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This is a nontrivial project. Luckily, there are 100s of papers on occupancy grids. For background
info, also try a google search on SLAM [simultaneous localization and mapping]. Check out anything
done by Sebastian Thrun, who is/was at Stanford, and his book Probabilistic Robotics [expensive].

http://www.amazon.com/Probabilistic-Robotics-Intelligent-Autonomous-Agents/dp/0262201623/

For more background, download Where Am I?

http://www-personal.umich.edu/~johannb/

I finally got all of the sensors on my small robot working this morning. Among other things, I have
wide-beam and narrow-beam Maxsonars, plus Sharp IR-ranger [GP2D12], all mounted on a pan'ntilt
servo pod, and am going to attempt to learn something about occupancy grids myself.

I think most people doing this will stick encoders on their drive motors for good position-change
accuracy, but I plan to try doing it by using sonar distance change measurements. Maybe.






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I did get 8k byte serial RAMs for 35 cents each from Futurlec (Cali company but the shipping is from China). IMO the SD card is better as the 'map' would survive power-off.

How detailed a map will it need anyway? Will it need to deal with things moving around the room?

With the right kind of time-pulsed emitters on the ceiling perhaps there would be a way to make indoor GPS?
 
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I should think an occupancy grid with 12" squares would be adequate.

I got my first sensor scan this evening, you may find it of interest. I have a Maxsonar EZ0, EZ4, and
Sharp GP2D12 mounted on a pan'n'tilt servo pod. Made a 180-deg panning sweep broken into 24 positions.
I wrote a simple graphing program that displays during the sweep. Two different scans are shown, and
they are very consistent.

Except for the #2 GP2D12 reading, which is flukey for some reason [probably a calc overflow], the
GP2 readings are very close to the actual measurements. The wide beams of the sonars really
wash things out. Even the EZ4, which has about 20deg beam, isn't all that great for definition.

Readings #6 - #9 represent a 14" space, which is about 38" deep, between 2 objects which are approx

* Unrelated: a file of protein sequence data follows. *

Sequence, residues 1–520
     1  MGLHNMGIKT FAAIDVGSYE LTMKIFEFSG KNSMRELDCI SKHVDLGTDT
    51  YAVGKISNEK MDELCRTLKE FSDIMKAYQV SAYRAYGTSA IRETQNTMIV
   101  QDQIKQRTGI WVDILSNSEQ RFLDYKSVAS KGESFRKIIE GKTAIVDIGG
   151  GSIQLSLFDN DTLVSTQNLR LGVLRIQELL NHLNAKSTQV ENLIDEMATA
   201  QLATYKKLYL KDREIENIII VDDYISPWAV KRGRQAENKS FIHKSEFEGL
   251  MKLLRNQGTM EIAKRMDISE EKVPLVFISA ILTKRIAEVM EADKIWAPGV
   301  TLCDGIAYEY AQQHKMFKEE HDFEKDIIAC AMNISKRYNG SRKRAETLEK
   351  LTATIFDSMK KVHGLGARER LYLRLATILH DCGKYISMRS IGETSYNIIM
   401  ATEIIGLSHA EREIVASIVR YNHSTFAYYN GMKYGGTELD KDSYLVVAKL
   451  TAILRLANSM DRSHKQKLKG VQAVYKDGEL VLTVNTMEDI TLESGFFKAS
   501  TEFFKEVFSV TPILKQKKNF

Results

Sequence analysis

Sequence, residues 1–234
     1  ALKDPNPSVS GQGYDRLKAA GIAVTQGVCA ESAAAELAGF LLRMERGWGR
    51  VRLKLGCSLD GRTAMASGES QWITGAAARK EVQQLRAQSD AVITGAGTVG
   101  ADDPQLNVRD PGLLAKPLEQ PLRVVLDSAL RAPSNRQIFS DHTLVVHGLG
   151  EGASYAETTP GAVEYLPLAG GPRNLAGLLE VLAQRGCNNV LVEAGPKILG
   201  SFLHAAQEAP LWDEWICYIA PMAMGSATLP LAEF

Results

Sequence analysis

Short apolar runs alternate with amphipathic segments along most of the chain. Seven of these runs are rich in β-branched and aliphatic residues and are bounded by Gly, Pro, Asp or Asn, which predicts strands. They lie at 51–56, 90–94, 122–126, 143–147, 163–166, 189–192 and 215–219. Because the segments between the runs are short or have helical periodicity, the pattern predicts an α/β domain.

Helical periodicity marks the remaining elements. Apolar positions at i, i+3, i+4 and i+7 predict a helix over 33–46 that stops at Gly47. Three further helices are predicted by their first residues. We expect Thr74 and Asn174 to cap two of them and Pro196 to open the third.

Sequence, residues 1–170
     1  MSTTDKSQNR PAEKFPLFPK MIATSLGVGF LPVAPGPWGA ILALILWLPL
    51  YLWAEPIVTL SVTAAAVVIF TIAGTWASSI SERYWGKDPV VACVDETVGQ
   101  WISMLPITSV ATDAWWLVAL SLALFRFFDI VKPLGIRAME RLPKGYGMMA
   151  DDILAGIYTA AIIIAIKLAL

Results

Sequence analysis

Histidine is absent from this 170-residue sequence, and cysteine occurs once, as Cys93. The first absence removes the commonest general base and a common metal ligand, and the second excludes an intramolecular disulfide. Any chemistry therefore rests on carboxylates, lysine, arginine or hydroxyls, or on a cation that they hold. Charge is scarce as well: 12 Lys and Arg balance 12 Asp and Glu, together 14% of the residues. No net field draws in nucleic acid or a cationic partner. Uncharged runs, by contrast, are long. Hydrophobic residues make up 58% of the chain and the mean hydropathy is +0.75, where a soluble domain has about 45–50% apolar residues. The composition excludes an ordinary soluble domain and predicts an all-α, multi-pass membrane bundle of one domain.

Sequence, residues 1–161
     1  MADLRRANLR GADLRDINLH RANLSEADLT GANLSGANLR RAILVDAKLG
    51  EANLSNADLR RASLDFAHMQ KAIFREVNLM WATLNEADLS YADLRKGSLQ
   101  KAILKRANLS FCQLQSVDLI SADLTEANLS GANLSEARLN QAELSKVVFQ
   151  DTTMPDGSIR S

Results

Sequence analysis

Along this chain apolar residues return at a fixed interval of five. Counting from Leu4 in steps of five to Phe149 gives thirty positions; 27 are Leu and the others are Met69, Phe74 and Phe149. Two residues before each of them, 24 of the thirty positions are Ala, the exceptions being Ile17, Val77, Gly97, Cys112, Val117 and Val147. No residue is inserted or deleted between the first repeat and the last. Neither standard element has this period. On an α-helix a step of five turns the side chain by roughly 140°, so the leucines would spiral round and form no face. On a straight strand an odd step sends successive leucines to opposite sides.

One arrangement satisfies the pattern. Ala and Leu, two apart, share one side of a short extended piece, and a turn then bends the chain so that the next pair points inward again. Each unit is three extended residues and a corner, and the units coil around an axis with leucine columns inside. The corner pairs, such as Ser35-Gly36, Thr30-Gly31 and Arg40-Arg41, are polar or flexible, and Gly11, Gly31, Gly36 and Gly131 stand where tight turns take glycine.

15" away from the robot. The GP2D12 easily picks it up, the Maxsonars wash it out. I can see that room
mapping with sonars is not super accurate.

Code:
Servo Tank Program ... test2 ... IDE 1.0

L=wide-beam  R=narrow-beam  G=GP2D12
-----------  -------------  --------
(distances in inches)
dist=18 22 25                  L   R  G
dist=16 17 392               LR                                  G
dist=16 16 23                LR      G
dist=16 17 20                LR  G
dist=15 16 20               LR   G
dist=19 16 28                R  L        G
dist=18 16 36                R L           G
dist=12 12 37            LR                        G
dist=12 12 38         LR                         G
dist=10 12 16          L R   G
dist=11 12 14           LR G
dist=11 12 14           LR G
dist=12 12 10          G LR                               
dist=15 15  7       G       LR                               
dist=15 10 20          R    L    G
dist=15 11 24           R L        G
dist=15 10 25          R    L         G
dist=15 10 24          R    L       G     
dist=15 10 23          R    L       G
dist=21 21 23                     LR G
dist=21 21 24                     LR  G
dist=19 22 24                   L  R G
dist=21 22 25                     LR  G
dist=21 25 26                     L   RG


dist=21 21 24                     LR  G
dist=16 17 321                LR                                  G
dist=16 19 23                 L  R   G
dist=16 17 21                LR   G
dist=15 16 20               LR   G
dist=18 15 30               R  L           G
dist=15 19 38               L   R               G
dist=12 12 36            LR                       G
dist=12 12 38            LR                         G
dist=11 12 15           LR  G
dist=11 12 13           LRG
dist=11 12 14           LR G
dist=12 12 10          G LR
dist=15 15  7       G       LR
dist=15 11 20           R   L    G
dist=15 10 24           R  L        G
dist=15 11 25           R   L         G
dist=15 11 24           R   L        G
dist=15 10 24          R    L        G
dist=19 22 24                   L  R G
dist=21 21 24                     LR  G
dist=21 22 24                     LR G
dist=21 25 26                     L   R
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What I would like to do is create small independant vehicules that interact, modelling forms of social behaviour.

I envisage a vehicule to be able to explore and 'map' its surroundings, a room primarily, together with any permanent obstacles, furniture for example. The vehicule will 'know' or be able to find out where other vehicules are through other means, as yet undecided, and the knowledge of the environment will be key to working out the best path to get to the other vehicule.

The position resolution wouldn't need to be more than the size of the vehicule, some 30 cms perhaps, and it must be possible for the robot to explore any space, ie not be dependant on external mechanisms to measure distance.